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Don’t Blame Mental Illness for Violence:
It’s Not Accurate and It Hurts

The ongoing mass violence in this country somehow, over and over, leads politicians and the press to shine a spotlight on mental illness as if it is the cause.  It’s tempting to think that this makes sense, and it is even more tempting to be hopeful that funding will improve for services for people who need support and treatment.  None of this, however, is real.

The awful news is that the spotlight is focused on the wrong people.  We need to set the record straight.  Read the August 2019 document Mass Violence in America by the National Council’s Medical Director Institute if you are interested in the facts.

First, people with mental illness are far more likely to be victims of violence than perpetrators.  That’s a fact which again has been documented over and over.  So, your next door neighbor is more likely to be dangerous than the people served in your local mental health organization.  Second, by hanging the yoke of violence on people with mental illness, it is more likely that people will not reach out for help in fear they will be seen as dangerous.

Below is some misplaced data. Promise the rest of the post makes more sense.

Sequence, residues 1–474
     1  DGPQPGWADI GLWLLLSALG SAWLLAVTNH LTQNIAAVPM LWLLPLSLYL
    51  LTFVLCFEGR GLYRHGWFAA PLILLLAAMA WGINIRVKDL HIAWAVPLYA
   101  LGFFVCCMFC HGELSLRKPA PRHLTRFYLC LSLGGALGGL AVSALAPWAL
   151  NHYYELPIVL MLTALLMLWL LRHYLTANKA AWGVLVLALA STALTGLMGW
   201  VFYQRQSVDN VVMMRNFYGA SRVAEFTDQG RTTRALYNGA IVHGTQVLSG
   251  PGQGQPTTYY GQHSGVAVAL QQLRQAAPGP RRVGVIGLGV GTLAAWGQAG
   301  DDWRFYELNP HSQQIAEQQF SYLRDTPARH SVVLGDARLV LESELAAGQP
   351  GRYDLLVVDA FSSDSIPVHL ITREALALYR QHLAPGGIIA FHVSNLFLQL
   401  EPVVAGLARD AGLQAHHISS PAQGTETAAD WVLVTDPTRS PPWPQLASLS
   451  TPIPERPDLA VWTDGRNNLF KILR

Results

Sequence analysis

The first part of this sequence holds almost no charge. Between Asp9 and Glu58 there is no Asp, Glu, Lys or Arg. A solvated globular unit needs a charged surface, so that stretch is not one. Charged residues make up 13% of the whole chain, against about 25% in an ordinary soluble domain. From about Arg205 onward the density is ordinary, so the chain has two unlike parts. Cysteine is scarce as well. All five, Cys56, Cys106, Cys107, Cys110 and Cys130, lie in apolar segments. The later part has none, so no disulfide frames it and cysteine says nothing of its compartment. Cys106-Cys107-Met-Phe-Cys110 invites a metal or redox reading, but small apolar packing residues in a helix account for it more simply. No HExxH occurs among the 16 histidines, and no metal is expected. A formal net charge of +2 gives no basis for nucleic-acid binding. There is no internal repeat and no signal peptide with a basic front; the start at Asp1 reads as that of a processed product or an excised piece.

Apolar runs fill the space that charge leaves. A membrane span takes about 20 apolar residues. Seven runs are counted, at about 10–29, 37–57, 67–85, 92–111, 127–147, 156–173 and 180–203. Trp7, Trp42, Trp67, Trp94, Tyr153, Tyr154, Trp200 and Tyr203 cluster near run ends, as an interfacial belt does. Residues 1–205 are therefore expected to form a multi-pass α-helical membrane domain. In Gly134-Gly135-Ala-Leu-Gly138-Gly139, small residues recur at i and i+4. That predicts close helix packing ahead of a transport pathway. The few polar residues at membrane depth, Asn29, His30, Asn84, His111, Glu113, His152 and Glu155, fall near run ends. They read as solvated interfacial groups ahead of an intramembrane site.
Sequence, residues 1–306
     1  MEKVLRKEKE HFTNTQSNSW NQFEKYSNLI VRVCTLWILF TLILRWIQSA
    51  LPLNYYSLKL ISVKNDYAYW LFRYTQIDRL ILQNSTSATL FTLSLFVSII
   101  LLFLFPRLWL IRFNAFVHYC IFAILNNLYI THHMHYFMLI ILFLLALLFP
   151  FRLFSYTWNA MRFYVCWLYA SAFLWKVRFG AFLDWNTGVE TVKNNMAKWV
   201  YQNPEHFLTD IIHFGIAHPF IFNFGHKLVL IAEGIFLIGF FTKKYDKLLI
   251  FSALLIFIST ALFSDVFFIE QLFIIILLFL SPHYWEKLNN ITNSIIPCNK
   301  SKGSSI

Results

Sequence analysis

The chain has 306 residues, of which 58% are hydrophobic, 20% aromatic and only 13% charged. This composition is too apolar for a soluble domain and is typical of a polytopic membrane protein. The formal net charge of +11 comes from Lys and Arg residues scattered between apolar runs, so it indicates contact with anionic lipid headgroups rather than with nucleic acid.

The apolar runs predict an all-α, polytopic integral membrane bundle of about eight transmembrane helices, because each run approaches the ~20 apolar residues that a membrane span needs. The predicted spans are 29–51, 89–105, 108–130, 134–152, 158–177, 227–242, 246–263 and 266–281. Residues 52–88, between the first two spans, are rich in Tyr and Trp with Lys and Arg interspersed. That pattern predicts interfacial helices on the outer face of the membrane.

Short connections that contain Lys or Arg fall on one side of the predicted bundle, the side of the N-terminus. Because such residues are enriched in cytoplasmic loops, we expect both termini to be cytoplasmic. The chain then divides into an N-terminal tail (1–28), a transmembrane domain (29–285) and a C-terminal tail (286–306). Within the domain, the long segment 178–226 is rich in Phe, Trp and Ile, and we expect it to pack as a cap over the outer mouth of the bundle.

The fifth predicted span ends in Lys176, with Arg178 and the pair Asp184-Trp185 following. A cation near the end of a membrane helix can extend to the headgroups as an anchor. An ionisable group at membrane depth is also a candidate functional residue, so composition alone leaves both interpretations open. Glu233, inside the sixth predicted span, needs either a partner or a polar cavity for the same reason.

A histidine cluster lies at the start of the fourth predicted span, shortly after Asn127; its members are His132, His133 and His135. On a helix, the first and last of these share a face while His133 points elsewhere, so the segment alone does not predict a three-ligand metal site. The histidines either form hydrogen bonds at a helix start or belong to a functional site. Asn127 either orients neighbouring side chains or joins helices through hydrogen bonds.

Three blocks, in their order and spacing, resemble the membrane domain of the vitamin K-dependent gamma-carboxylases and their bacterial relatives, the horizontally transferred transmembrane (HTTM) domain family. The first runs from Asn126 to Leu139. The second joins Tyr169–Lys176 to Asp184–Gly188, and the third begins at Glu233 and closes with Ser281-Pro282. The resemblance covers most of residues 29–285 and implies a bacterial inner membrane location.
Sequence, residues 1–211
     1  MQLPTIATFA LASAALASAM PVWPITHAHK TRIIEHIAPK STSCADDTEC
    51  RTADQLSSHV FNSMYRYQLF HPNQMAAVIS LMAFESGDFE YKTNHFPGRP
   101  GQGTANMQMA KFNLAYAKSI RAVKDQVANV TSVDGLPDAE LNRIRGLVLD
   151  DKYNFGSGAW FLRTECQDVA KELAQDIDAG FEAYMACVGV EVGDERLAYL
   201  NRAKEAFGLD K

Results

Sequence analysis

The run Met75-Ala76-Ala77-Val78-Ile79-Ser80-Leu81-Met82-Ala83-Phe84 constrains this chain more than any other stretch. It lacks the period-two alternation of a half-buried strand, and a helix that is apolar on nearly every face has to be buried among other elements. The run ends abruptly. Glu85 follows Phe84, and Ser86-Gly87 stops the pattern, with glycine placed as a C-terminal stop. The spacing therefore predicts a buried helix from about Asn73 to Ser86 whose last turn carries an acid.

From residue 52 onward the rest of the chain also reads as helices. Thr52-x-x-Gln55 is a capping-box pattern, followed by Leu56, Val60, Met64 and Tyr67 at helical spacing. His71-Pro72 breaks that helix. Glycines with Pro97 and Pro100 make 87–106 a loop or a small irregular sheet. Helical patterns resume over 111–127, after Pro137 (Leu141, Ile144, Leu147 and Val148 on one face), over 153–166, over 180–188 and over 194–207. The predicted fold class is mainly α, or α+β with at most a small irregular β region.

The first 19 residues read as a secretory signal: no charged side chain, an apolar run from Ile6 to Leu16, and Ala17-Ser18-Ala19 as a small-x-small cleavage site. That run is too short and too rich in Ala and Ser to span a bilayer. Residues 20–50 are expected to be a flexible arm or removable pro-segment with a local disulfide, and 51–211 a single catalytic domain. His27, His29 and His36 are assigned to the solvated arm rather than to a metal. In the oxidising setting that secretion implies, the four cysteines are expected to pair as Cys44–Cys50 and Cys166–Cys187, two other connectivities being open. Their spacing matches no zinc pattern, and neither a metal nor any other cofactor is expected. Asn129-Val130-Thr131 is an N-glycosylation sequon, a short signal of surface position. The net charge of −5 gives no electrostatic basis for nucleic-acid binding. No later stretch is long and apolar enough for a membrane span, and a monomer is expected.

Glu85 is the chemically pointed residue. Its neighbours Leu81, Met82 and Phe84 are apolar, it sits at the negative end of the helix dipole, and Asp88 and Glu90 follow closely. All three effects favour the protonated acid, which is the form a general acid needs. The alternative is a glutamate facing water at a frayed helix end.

While many are tying together mental health with violence, and there is mention of spending more on services, the reality is that the Affordable Care Act itself is under attack. Meanwhile, community-based services, which are intended to reach people who need support to help them live successfully in the community, continue to be underfunded.

So – it is time to focus the spotlight in the right place.  People need to recognize that mass violence is taking place because of anger, homophobia, and racism – not because the killers are mentally ill.  Let’s invest more money into services that are critically needed, and let’s encourage people to reach out and get the help they need.

 – Scott M. Bock, Founder and President/CEO, Riverside Community Care

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